Karakuri Odette Volume 6

All those disapproving
stares are for you,
Written by Julietta Suzuki
Illustrated by Julietta Suzuki

As Odette prepares for the next phase of her school life, forces threaten to take her away from everything she knows and loves!  Can she escape the clutches of Dr. Owen while avoiding the love/hate relationship Odette is developing with Owen's robots?  And how do Chris, Asao, and Dr. Yoshizawa fit into this picture?  Growing up means all sorts of complications and they don't get much more complex than what you find in the final volume of Karakuri Odette.

I'm really sad to have reached the end of this series, but I guess I should just be thankful that I was able to reach the end, given Tokyopop's abrupt departure from the publishing world.  I really liked his Suzuki was able to take the female android concept and turn it into something other than an adolescent fantasy.  Odette had real emotions, real problems, and real proportions.  Her emotions, while tinged with her robotic nature, felt real to me.  Her striving for humanity and her place in the world, which carries on right up to this final volume, really spoke to me as a solid representation of what it's like to grow up--especially if you are different from your peers.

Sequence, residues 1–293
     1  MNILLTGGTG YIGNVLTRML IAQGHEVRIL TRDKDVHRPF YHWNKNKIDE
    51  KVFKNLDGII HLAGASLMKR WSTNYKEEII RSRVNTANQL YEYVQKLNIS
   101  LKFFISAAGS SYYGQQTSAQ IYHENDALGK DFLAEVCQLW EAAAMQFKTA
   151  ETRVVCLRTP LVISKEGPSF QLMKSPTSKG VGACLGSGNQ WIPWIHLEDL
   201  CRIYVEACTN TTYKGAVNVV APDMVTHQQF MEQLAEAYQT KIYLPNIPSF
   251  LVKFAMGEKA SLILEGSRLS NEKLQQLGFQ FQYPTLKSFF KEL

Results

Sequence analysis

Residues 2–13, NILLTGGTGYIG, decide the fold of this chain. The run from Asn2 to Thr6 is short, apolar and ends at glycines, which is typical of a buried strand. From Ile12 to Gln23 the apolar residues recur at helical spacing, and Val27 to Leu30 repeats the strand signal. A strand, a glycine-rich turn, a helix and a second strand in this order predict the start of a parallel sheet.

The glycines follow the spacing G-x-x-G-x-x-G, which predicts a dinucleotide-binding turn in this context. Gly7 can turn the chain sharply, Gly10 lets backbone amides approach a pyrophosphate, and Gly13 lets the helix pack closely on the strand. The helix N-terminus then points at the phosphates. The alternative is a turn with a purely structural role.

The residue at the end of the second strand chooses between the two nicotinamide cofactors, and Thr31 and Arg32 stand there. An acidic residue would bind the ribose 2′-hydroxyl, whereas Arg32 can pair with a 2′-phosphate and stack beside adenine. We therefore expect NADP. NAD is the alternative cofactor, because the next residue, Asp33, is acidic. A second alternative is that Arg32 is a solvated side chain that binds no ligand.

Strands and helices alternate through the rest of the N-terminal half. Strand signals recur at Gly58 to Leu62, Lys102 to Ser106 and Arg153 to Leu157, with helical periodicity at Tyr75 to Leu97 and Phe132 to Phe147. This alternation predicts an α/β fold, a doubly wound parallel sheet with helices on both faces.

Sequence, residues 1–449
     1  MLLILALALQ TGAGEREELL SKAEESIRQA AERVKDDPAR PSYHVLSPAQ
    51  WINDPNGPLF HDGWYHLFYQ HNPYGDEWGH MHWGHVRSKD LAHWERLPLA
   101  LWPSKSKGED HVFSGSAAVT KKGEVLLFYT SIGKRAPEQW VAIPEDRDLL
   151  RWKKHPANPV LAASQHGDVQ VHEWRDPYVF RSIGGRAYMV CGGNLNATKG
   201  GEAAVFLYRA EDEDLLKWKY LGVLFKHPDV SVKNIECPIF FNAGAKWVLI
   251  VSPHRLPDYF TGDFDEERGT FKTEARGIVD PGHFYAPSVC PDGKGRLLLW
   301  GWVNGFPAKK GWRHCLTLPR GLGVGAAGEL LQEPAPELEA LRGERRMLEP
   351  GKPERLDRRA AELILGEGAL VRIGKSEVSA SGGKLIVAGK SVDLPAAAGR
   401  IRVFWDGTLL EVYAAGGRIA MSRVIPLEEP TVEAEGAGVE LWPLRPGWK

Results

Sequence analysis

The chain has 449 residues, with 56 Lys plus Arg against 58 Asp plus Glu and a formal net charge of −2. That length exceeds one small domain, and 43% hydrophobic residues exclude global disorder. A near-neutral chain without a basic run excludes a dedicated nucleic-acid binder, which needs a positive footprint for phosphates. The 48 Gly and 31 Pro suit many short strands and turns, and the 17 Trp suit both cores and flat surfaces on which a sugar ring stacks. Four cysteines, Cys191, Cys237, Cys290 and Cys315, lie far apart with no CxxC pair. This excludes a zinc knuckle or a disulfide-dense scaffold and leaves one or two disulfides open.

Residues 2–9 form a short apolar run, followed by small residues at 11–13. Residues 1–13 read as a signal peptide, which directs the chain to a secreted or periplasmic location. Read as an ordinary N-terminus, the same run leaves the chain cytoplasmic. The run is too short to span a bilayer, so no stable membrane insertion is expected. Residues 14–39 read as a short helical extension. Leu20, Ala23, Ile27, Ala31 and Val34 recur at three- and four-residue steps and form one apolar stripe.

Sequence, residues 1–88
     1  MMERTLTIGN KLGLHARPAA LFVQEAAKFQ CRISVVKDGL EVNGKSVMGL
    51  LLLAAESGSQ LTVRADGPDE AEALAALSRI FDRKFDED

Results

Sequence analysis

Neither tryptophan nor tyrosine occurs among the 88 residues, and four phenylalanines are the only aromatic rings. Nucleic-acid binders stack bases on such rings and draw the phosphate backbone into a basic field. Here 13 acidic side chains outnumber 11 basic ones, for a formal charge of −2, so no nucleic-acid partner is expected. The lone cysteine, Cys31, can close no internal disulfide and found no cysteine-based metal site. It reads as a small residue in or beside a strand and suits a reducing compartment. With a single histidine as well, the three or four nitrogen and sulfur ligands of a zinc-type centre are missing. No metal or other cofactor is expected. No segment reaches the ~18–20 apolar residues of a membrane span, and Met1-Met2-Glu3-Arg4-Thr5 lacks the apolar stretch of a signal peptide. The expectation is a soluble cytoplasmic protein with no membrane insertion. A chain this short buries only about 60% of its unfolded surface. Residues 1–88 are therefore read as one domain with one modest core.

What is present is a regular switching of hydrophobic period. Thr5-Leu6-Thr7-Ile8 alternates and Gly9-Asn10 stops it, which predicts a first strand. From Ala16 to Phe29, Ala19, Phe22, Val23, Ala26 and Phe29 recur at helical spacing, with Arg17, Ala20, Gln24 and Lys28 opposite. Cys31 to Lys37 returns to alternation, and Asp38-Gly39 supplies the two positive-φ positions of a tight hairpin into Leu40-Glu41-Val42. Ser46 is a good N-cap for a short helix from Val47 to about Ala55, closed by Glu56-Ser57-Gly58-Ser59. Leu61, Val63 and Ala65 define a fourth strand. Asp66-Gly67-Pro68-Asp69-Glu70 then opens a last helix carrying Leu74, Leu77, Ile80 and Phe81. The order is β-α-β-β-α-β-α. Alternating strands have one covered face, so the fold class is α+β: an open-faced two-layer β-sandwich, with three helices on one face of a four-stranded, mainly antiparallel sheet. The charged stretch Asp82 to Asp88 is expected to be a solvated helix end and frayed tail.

In this final volume, we get the resolution of the battle for Odette's body, as she dodges Dr. Owen with the help of her friends and family, even as she becomes more attached to Travis, who is the closest thing to Odette we see in the series.  There is a lot of man vs machine vs emotional machine going on, and it probably stretches credibility just a bit too thin, but it's interesting to see how the various robots act in ways that fit--and yet contradict--their program.  In some ways, they're more human than the humans who built them.  Dr. Owen and Yoshizawa duel spar nicely about this, and the resolution is left just open-ended enough that it's ultimately up to the reader to decide the final outcome.

As with the prior volumes, Suzuki's artwork is top-notch.  She's able to give each of the characters their own visual personalities and does things with the facial features of the robots that humanizes them without ever making the reader think they are anything but androids.  It's subtle, but it works.  There is a lot of dramatic tension built into the scenes of the climax, with characters positioned in ways that draw attention to the tension in the air better than any number of speed lines could present, although we get those, too.  Suzuki's art nicely complements her plot and her dialog.  She's definitely one of the better manga artists that I read.

Karakuri Odette's story doesn't end so much as its finishes.  We see that she's got a lot of learning left to do, as do we all.  No one will ever be entirely happy, but if you try hard and work to understand the life around you, you can have a good life.  That's a message we can all learn from, I think.  I loved this series, and it's one to keep.  Find it as you can, and enjoy!